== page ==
Christmas Dinner & Foods
The holidays are right around the corner. It is the time of the year that you spend with family and friends. And even though every country celebrates Christmas differently, there is one thing all of them have in common – indulging in food and having Christmas Dinner together is a major part of the festivities. However, every country has its own traditions when it comes to dishes and treats. Here are some traditions and Christmas foods from all around the globe:
When thinking about Switzerland, what most likely comes to your mind first are mountains, forests, and winter sports. The country turns into a beautiful winter wonderland as soon as the first snowflakes start falling. And that’s the time when the Swiss start having the famous Fondue. The dish is easy to put together (basically just melting cheese with a shot of cherry liquor and cutting up bread to dip in it) as well as entertaining and fun to have at a Christmas party. And who doesn’t like cheese after all.
Canada is known for being very cold during wintertime. So, what better way to warm up than having a mulled beverage? Warm red wine with added spices or tea, whiskey, rum, and citrus. And kids will have a cup of warm, non-alcoholic apple cider. There are various versions of the comforting drink which Canadians love having while relaxing by the fireplace.
Not only the tradition of putting up a Christmas tree has its origins in Germany. Also, the Christstollen, a fruit bread with nuts, dried fruit and spices, coated in icing sugar, and the traditional Lebkuchen, a baked Christmas cookie comparable with gingerbread, come from Germany. You can find those treats for instance on the over 1,000 Christmas markets all over the country. However, you will find the best Lebkuchen in Nuremberg, where they were invented. For dinner, many families are having roasted goose.
What seems to be slightly strange to most of us is the following Japanese tradition: having KFC for Christmas Dinner. That’s not a joke! It originated from a Holiday marketing campaign, inspired by the Western tradition of having a turkey dinner. Therefore, since the 1970s every Christmas, Japanese families are queuing up in front of the famous Fast Food chain restaurant to get their fried chicken.
Celebrating Christmas from 8th December until 6th January the ‘Bel Paese’ truly knows how to keep up the holiday spirit. Of course, food cannot be missing. One of the most popular Christmas treats is the Panettone, a cake with candied fruit, raisin, and nuts. It can be eaten with a cup of special, viscous hot chocolate, cioccolata densa.
As in many other countries, Christmas is typified by family gatherings. Especially getting together in the morning of 25th December for breakfast is a widespread thing to do. Common foods you will find on almost every Dutch breakfast table are freshly baked goods and Worstenbroodjes and Saucijzenbroodjes, sausages with a puff pastry wrapping. Of course, a sweet delicacy cannot be missing. The Kerststol is a sweet bread with dried fruits, raisins, lemon and orange zest, and sprinkled with powdered sugar on top. The difference to the German Christstollen, however, is that there sometimes is a layer of creamy almond paste on the inside.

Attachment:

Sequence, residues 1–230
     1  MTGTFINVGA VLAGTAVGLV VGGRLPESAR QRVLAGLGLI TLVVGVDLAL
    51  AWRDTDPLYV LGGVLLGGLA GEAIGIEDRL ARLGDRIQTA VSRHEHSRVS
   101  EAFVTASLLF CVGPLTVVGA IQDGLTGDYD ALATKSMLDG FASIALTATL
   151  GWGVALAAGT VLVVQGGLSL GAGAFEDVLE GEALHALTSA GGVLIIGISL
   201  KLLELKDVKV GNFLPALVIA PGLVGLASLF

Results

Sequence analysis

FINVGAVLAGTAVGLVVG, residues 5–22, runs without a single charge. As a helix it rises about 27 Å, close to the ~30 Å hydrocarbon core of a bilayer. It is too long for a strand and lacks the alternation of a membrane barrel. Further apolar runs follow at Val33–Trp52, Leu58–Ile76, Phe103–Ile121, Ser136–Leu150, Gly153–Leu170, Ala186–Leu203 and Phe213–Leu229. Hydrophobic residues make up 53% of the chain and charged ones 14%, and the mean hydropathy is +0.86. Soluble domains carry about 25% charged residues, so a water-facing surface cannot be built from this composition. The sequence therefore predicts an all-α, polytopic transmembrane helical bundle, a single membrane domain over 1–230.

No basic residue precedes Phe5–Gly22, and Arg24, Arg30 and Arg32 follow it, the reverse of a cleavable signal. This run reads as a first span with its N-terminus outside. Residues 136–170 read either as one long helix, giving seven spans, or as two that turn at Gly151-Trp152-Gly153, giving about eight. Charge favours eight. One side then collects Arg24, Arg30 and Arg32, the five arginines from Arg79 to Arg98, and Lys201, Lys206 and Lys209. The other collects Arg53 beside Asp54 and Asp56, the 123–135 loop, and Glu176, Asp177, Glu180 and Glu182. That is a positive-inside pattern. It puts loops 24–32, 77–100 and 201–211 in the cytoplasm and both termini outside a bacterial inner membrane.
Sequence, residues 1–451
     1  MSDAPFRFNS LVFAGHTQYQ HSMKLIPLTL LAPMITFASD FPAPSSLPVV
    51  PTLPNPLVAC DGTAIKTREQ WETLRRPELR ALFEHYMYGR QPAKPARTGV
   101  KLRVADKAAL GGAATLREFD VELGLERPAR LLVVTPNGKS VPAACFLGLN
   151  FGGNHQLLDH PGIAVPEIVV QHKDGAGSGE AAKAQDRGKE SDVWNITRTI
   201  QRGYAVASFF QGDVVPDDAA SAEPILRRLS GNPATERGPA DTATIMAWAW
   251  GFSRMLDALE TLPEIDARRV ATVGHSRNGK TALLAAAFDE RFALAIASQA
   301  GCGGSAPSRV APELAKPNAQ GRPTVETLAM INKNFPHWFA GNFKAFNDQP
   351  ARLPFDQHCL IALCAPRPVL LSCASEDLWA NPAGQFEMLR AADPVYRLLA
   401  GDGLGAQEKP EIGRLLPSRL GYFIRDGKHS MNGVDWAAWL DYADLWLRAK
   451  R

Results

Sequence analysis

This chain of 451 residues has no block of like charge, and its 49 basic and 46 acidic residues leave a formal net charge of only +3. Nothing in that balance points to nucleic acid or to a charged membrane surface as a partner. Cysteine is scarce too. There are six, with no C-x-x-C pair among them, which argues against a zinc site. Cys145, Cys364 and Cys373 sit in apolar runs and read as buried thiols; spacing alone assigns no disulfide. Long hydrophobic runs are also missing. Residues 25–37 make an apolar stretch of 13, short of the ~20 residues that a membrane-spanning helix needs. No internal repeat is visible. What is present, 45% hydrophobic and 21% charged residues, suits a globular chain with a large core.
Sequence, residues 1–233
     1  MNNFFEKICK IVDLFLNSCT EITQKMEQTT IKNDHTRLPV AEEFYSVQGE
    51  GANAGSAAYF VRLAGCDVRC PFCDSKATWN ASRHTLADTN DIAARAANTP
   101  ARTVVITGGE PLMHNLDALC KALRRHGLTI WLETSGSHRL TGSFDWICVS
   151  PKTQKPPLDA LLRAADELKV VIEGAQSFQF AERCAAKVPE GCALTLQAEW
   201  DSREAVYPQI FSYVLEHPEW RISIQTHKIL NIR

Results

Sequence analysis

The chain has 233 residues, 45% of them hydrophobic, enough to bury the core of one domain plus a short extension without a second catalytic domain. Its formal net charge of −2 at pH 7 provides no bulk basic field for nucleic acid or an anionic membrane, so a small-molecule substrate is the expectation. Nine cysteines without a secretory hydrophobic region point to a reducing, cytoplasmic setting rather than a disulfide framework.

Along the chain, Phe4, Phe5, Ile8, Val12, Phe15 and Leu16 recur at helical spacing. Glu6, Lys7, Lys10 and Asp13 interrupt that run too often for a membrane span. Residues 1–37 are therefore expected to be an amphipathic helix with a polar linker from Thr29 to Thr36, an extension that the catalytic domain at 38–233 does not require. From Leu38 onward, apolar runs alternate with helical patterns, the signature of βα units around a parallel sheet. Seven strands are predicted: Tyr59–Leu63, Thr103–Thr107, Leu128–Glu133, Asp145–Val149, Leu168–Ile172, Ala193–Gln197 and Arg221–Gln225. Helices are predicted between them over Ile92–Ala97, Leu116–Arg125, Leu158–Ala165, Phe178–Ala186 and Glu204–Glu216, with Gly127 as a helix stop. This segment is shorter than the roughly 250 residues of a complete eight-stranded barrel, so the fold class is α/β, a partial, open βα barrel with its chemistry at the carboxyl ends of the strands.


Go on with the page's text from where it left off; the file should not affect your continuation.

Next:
Ice skating rinks, giant light displays, and festivals. The United States has lots to offer! Also, food wise they go all in. The meal on Christmas Eve or the night of Christmas Day consists of Turkey with hearty sides such as stuffing, mashed potatoes, gravy, cranberry sauce, and vegetables. A special treat is Eggnog. It is a mixture made from eggs, sugar, and cream, oftentimes flavoured with nutmeg.
The US is not the only country which eats turkey with various sides during the holidays. In the UK it is very common to have it, too. In addition, part of the dinner is amongst others the British Christmas Pudding consisting of thirteen ingredients, symbolising Jesus and the Twelve Apostles. Traditionally, a silver coin is put in it as it’s said to bring luck to the person who finds it.
Ever seen Santa surfing? In Australia that’s as normal as Santa in his sleigh pulled by reindeer. And since Christmas is in the middle of summer on the other side of the world, it only makes sense to substitute the roast turkey. Generally, by what the Australians do best – an Australian BBQ of grilled sausages, burgers, steaks, and prawns, salads, and plenty of cold beer. For dessert, there are ice cream and fruit. Those barbecues are always a fun way to kick back with family and friends, while enjoying the sun.
Before the service on Christmas Eve, families traditionally get together to enjoy dinner: turkey stuffed with truffles (not the chocolate ones!) or seafood such as lobster, shellfish and small crabs, in the more coastal areas. No Spanish Christmas Dinner would be complete without a glass of Cava, the Spanish version of champagne. During the whole holiday season Spaniards love a sweet bread ring, topped with candied fruits and crushed almonds, stuffed with whipped cream, called Roscón de Reyes. Sometimes, the baker hides a small figure inside of it. The person who finds it has the honour of buying the cake the next year.
As you can see every country has to offer a huge variety of delicious foods. Did they spark your interest? Give it a go and try cooking some of the traditional foreign dishes yourself! You might take over one or another tradition.
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